Wish I’d read Doug Wilson’s wise article on productivity 12 months ago. Even his first point is pure gold:

The point is fruitfulness, not efficiency. You should want to be fruitful like a tree, not efficient like a machine. But this fruitfulness is a function of God’s blessing, and it is surrendered work that is blessed work. Seek that blessing, and seek it through concrete surrender. Such surrenders are not abstract. Put your Isaacs on the altar. Every interruption is a chance to surrender your work to the only one who can bless your work, particularly when the interruptions come from your kid wanting to play catch.

And my book recommendation for today is:

Screen_shot_2011-05-31_at_12

Conduct Gospel-centered funerals by Brian Croft and Phil Newton.


God’s been hunting me down

“God’s been hunting me down for months.”

That was my immediate and instinctive understanding of why the Lord recently sent multiple blood clots into my leg and lungs (read about it here). Three weeks and two complications later, I’m more convinced than ever that God’s been tracking me for months, with loving arrow after loving arrow, until at last He’s brought me down to the dust. Let me explain.

Up until the last year I’ve lived a more or less healthy and vigorous life. I’m 6′ 3″ and 184 lbs. Although work has pushed out regular daily exercise for a few years now, I still ski, fish, and compete at Tae Kwon Do from time to time. But over the course of the last nine months my medical file has bulged considerably (as my finances have gone the other way). Since September, I’ve had two ongoing health issues, one of which culminated in a major (and very painful) operation in November. Did that all stop me?

Not for very long.

Then came the blood clots.  Top that all off with the discovery of a genetic blood clotting problem and I’m beginning to stagger to the ground (reluctantly). So just to be sure, God sent two further medical complications over recent days (I’ll spare you the gory details), one of which will be with me as long as I’m on this earth.

This is the finger of God.

STOP!

I’ve stopped.

And I know that’s the main message God has been sending me through these afflictions. STOP!

My life and ministry had been getting faster and faster and faster for years. And since coming to the USA, I’ve added a turbo gear. It’s all good stuff: delivering lectures, preaching sermons, speaking at conferences, writing books, producing DVD’s, etc. But it’s been at the expense of daily intimacy with the Father, the Son, and the Holy Spirit. Good things replaced the best thing.

I’m not talking so much about neglect of private prayer, Bible reading, family worship, church attendance, etc; all these things have been steady and routine – although definitely too routine. No, my problem has been more about what has not been happening in these regular spiritual disciplines and throughout the working day.

Ministry without spirituality
Let me summarize where I believe I erred: ministry without spirituality. Perfunctory and spiritual disciplines and going from one ministry activity to another to another to another, with hardly a moment to feel dependence upon God, cry for help, and seek the Lord’s blessing before, during, or after. Cramming every waking moment with “productive” activity. And certainly not a second in the day to “be still and know that I am God.”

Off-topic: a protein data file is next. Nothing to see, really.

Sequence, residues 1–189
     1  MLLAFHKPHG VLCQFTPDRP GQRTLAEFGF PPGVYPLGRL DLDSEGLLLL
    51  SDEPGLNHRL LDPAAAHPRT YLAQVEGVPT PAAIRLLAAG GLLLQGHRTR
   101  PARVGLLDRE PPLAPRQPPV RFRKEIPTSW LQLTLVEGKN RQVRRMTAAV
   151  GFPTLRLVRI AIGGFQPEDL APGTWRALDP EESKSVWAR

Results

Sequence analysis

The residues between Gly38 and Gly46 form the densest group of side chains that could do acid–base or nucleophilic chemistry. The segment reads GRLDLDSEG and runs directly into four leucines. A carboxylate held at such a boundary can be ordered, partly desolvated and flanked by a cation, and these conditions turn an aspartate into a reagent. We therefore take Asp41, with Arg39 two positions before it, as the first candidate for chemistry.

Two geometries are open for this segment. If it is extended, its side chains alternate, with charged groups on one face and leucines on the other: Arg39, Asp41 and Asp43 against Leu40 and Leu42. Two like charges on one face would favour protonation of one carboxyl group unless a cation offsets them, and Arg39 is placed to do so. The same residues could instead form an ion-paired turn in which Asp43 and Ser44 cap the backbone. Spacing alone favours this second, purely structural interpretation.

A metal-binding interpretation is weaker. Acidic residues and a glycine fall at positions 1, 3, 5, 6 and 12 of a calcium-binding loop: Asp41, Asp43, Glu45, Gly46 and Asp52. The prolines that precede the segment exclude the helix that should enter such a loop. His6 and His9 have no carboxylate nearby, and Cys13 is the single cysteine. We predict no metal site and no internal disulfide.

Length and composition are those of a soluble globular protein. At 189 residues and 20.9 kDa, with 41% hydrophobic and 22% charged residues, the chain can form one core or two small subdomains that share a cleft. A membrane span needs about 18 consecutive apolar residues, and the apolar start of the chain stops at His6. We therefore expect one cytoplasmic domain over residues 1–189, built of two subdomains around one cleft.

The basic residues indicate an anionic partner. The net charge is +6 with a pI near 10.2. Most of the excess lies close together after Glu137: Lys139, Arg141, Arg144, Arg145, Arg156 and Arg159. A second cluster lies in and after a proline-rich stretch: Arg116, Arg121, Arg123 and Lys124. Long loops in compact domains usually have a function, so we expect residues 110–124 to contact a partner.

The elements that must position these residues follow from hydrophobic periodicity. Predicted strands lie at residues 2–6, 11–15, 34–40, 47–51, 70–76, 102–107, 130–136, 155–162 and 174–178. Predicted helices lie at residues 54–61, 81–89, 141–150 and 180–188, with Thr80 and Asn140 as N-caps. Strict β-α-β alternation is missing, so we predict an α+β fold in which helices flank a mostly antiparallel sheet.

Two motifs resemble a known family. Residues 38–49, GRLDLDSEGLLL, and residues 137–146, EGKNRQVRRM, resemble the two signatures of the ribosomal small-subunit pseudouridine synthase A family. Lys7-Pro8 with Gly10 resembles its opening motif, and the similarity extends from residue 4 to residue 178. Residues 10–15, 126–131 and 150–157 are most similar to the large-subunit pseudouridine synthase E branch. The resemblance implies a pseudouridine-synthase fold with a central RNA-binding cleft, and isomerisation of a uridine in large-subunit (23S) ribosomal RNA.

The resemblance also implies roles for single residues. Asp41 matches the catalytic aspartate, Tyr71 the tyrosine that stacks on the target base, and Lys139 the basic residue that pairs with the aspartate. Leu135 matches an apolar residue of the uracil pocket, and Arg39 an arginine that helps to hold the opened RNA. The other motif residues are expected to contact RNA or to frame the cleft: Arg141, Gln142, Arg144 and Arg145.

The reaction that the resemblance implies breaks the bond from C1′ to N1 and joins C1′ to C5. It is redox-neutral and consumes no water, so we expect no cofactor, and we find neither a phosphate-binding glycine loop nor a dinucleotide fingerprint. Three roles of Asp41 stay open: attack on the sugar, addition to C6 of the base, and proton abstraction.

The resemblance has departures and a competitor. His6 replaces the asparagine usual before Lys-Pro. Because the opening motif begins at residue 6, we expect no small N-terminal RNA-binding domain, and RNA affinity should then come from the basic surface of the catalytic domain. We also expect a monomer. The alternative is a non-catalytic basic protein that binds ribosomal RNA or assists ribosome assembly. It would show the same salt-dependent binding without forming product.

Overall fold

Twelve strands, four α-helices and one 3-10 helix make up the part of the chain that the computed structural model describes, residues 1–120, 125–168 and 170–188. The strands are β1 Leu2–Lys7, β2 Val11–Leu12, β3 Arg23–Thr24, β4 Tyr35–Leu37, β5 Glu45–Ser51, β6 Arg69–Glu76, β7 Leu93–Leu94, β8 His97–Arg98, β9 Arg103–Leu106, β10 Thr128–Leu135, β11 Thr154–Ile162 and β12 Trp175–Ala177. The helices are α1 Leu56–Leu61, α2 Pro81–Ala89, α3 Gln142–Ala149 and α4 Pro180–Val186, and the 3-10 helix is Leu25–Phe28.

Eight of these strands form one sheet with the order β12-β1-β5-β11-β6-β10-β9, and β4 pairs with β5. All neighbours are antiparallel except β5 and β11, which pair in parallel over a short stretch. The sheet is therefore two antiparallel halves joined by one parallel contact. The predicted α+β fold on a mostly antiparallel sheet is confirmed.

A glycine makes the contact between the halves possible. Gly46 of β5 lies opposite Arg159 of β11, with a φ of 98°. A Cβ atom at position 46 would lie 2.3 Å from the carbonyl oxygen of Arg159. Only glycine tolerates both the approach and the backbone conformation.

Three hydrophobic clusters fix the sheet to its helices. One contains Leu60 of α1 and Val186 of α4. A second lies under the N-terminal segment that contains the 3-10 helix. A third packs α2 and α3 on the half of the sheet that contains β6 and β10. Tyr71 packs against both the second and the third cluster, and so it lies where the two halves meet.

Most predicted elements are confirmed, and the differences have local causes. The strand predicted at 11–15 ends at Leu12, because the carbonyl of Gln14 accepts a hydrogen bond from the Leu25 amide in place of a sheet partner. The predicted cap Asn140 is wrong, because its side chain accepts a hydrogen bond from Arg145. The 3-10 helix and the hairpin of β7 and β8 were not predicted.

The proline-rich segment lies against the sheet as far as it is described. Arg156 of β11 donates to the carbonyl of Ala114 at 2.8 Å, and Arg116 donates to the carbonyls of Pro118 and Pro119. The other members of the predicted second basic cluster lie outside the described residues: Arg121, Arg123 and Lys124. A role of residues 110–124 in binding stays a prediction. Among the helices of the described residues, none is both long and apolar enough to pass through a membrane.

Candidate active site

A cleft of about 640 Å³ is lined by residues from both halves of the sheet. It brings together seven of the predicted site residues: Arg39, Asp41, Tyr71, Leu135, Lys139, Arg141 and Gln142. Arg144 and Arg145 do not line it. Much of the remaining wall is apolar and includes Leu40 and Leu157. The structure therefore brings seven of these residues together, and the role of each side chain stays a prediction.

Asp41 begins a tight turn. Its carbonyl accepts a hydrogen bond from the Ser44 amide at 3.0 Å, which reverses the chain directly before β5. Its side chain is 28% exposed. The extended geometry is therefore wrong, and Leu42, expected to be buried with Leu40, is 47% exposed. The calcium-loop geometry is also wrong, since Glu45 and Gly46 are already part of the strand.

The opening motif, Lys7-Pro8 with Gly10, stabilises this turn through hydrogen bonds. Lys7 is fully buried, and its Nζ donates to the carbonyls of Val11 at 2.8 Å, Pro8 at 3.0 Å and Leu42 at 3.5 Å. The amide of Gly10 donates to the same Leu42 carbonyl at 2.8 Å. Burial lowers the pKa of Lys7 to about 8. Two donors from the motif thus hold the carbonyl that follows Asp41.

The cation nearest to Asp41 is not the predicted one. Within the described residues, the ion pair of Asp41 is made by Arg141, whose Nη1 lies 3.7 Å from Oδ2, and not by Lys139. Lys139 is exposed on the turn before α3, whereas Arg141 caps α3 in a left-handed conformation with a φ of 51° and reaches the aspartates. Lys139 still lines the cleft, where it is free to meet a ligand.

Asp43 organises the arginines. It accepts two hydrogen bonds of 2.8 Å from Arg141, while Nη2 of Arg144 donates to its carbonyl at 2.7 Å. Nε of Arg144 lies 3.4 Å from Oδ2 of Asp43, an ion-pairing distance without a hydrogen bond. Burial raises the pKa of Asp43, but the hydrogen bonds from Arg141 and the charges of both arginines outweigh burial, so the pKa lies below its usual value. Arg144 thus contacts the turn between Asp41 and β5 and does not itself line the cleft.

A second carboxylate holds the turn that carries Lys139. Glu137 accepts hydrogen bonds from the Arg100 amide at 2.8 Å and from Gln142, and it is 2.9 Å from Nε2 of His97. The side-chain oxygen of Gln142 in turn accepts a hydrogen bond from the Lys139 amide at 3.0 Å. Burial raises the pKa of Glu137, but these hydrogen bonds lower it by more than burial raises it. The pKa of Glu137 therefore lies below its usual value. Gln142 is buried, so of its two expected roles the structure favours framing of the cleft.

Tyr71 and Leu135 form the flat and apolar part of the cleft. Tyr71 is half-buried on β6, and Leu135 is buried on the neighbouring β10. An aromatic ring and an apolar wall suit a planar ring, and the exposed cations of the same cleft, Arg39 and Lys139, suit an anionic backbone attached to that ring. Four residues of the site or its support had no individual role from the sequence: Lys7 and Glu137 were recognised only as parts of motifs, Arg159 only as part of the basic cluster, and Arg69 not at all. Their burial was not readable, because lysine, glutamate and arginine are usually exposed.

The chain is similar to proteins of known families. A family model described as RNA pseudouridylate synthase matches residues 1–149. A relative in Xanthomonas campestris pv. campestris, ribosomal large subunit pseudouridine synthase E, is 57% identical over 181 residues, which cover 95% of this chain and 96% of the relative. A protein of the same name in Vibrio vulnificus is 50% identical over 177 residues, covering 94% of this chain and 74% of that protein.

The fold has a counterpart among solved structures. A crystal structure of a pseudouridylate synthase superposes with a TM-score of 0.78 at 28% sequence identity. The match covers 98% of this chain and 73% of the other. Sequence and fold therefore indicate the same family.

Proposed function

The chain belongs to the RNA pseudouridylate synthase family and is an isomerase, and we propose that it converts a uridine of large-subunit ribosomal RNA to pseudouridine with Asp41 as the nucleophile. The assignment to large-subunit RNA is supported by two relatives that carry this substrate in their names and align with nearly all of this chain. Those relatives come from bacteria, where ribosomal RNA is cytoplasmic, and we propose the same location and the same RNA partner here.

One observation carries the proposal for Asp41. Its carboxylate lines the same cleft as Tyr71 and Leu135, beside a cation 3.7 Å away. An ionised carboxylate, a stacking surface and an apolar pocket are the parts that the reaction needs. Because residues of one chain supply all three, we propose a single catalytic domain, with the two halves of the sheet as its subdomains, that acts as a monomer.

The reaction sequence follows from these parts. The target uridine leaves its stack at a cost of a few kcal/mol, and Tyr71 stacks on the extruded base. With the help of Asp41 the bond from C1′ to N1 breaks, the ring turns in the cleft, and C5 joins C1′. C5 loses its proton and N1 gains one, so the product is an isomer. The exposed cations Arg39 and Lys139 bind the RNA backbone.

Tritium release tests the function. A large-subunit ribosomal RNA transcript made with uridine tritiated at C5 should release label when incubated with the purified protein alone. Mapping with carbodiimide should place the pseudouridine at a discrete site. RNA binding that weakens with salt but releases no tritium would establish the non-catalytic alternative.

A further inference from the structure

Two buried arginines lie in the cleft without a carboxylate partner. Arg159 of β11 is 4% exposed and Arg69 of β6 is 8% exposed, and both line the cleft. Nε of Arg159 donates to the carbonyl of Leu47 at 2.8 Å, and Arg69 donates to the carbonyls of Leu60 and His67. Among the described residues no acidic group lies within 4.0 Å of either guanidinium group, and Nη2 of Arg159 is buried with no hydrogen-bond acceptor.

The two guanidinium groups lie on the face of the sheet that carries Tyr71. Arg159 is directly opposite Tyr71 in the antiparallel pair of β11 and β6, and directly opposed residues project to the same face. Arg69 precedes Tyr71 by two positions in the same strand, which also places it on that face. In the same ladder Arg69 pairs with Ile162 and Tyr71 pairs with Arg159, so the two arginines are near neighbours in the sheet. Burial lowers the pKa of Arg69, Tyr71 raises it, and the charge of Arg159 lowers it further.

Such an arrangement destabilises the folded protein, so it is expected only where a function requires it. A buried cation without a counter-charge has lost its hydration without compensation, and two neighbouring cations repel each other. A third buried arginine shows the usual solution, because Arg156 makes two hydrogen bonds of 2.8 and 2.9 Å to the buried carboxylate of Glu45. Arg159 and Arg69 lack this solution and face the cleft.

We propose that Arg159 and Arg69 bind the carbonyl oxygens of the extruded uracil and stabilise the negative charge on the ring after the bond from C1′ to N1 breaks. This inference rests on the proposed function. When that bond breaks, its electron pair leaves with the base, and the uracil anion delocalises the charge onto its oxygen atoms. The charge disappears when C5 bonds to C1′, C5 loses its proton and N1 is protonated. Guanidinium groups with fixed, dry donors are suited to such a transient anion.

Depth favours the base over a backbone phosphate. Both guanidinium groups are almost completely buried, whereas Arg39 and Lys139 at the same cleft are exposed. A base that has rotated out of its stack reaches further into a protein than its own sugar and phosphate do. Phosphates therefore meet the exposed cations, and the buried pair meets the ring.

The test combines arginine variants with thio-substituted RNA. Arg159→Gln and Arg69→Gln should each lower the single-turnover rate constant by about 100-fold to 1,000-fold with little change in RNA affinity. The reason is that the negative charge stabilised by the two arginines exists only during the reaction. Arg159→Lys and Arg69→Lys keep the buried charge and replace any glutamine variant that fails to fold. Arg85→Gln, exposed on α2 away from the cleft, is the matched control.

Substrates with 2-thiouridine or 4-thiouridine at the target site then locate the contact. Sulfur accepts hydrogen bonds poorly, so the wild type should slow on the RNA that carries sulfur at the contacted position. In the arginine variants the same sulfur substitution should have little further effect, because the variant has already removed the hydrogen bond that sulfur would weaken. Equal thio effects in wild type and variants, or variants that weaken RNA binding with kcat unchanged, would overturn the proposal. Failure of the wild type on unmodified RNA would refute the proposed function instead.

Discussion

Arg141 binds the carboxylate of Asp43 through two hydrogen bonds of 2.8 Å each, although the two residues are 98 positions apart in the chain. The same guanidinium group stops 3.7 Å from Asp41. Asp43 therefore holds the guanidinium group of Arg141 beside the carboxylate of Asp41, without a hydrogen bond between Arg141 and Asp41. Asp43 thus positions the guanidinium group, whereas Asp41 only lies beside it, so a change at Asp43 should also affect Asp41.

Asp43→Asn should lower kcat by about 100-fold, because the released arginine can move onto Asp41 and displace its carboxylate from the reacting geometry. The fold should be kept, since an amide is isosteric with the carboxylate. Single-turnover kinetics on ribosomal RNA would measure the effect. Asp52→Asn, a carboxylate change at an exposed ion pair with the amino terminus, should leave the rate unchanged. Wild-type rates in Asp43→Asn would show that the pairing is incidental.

But now, in the enforced stillness, I hear a loving and concerned God say, “My son, give me your heart.” Not your sermons, not your lectures, not your blogs, not your books, not your meetings, etc. But your heart. YOU!

In the back of my mind I knew that my spirituality was not where it should have been, but I said to myself that I would push through jam-packed March and April and then get back into a good spiritual frame. That was my plan.

At the end of April, I finished the last in that long series of speaking engagements, and settled down into my chair the ne


I am very much alive!

It being Memorial Day here in the USA, I was going to take a day away from the blog. But I’ve just received a phone call from my wife to check if I’m still alive. She was phoned by her family in Scotland to ask if I’d died! Apparently there is an email circulating with rather exaggerated reports of my death. Not sure how I can stop others being unnecessarily distressed by this other than by posting a message on my blog, Facebook, etc., and hoping that the truth reaches my family and friends quicker than the lies.

What a crazy world!


More on preaching without notes

I’ve written before about preaching without (or with less) notes (here and here). Here’s some more advice from Jerry Weissman on how to disconnect from your notes and connect with your hearers.

One CFO showed up for his coaching session at my company with his presentation written out in full sentences. I asked him to reduce each sentence to a four-word bullet and to speak from that. He did and it flowed. Then I asked him to reduce each four-word bullet to one word and to speak from that. He did and it flowed. Then I asked him to speak without any text. He did and it flowed.


Why not try it on Sunday?

At least with one of your points.

You can blame me!